7

I've never see this before.

enter image description here

Here's the facts:

  • It appears to be grayed out in the finder
  • I can not open it by clicking
  • I can move the folder
  • The permissions are set to 777 (overkill i know)
  • I can rename the folder with the mv command
  • I can view the contents of the folder with ls
  • When I ls (list) the contents of the parent dir I can see it without -a (show hidden files)
  • The date is set to from before I was born.
  • I believe this folder to have been a copy of another

I have a folder and I can't open it. It appears to be grayed out in the finder.

  • All files/folders show Jan24 1984 when copying & until the copy is complete. It's a reference to the date of Steve Jobs' announcement of the first Mac. – Tetsujin Nov 18 '15 at 11:47
  • If you answered your own question please mark it as the accepted answer. – ʀ2ᴅ2 Nov 27 '18 at 15:16
10

I had the same issue with an account folder, which I restored from a backup via rsync. The problem seemed to be the corrupt or missing creation date. After setting it manually the folder was acting normal again. I used the SetFile command from XCode's command line tools. So this should solve the issue:

SetFile -d '12/31/1999 23:59:59' will-not-open
1

This works:

mkdir move
mv will-not-open/* move/
rm -rf will-not-open/
mv move will-not-open
1

Using some of the answers above as a guide, I opened a terminal and did the following:

mkdir NewFolder
mv will-not-open/* NewFolder/.

I then deleted the will-not-open folder. The NewFolder opens OK with Finder and I can access all of the files in it with no problem

0

To force opening the problematic folder:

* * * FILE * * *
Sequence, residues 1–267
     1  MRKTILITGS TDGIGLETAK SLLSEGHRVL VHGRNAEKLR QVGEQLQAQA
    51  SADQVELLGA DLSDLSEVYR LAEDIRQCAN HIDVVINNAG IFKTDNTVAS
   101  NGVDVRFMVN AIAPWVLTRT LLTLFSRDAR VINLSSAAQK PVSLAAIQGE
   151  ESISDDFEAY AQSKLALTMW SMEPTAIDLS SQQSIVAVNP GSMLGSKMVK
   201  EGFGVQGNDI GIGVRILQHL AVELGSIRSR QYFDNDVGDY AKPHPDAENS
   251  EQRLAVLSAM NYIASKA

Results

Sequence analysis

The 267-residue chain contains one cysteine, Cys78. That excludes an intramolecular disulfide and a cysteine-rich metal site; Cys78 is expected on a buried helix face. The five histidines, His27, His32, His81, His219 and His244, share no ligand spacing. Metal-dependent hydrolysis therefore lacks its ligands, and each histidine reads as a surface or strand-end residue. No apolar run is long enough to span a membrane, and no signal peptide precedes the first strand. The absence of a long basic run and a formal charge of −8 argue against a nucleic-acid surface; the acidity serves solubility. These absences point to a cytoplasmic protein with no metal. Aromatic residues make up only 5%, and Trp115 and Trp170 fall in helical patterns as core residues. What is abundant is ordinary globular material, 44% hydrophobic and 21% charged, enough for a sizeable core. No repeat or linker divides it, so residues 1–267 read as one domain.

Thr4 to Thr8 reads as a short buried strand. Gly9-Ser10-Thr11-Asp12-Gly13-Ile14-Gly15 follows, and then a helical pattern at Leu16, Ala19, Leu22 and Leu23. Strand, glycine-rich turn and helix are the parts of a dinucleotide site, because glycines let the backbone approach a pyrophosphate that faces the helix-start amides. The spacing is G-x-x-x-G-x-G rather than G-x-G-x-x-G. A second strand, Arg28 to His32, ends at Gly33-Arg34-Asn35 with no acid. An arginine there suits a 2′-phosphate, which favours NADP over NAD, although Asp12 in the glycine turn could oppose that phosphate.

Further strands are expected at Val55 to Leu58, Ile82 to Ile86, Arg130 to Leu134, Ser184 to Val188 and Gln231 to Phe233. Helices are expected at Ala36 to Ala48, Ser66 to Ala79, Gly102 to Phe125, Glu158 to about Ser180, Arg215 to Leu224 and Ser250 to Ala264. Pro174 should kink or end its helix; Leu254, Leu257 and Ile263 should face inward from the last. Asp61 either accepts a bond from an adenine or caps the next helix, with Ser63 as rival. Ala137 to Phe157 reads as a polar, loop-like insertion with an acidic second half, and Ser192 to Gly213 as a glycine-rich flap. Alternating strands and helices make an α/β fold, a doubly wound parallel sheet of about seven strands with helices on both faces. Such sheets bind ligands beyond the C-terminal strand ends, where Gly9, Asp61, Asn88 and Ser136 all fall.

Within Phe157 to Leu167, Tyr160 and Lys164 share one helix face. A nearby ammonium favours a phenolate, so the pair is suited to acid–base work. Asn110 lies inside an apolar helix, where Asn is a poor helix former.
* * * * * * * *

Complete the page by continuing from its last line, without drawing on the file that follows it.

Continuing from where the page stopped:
1. Go to the parent folder, and from the Finder's menu select Go, then Go to Folder....

    Or simply hit CMD-Shift-G.

  2. In the input box which should be shown, type the name of the folder, e.g. will-not-open.

0

Here is the workaround using Terminal app.

  1. Open Terminal app.
  2. Type open and hit Space.
  3. Then drag and drop the problematic folder into Terminal app, to populate the full path.

    At this point, the command should be like: open /full/path/to/will-not-open.

  4. Run the command by hitting Enter.

0

Make sure the folder isn't Locked by clicking on the item (right-click) and checking in Get Info.

Then try to remove will-not-open/.DS_Store file which contains the special folder settings about how Finder sees it.

Here is the Terminal command to do that (run in the parent folder):

find . -name ".DS_Store" -print -delete

You can also check the extended file/folder attributes by running:

mdls will-not-open/

and verify which flags need to be changed or disabled.


If still won't work, try restarting Finder service by these commands:

launchctl stop com.apple.Finder
launchctl start com.apple.Finder
0

Other things can cause this problem. For me it was a full disk, followed by a computer crash.

I was copying an 80 GB folder to a 1000 GB drive that had 610 GB of files and 350 GB in the Trash, leaving only 40 GB free (1000G-610G-350G=40G). The Mac ran out of space on the external drive during Copy, then it crashed and re-booted automatically while I was out of the room. When I logged back on I had a greyed out Folder of size 40 GB that was inaccessible.

I moved it using the procedures outlined above, then deleted it.

Then I Emptied the Trash, which gave me 400 GB of space. And the problem did not recur.

-1

i copy pasted the grayed out folder into a new folder that i made. somehow it worked. i deleted the grayed out folder and used a copy pasted version of it. no Xcode needed

  • somehow it worked is a phrase unlikely to be appreciated by the users on this site. Consider expanding your explanation; we like well thought out and articulated answers. – Allan Jan 10 '18 at 17:52

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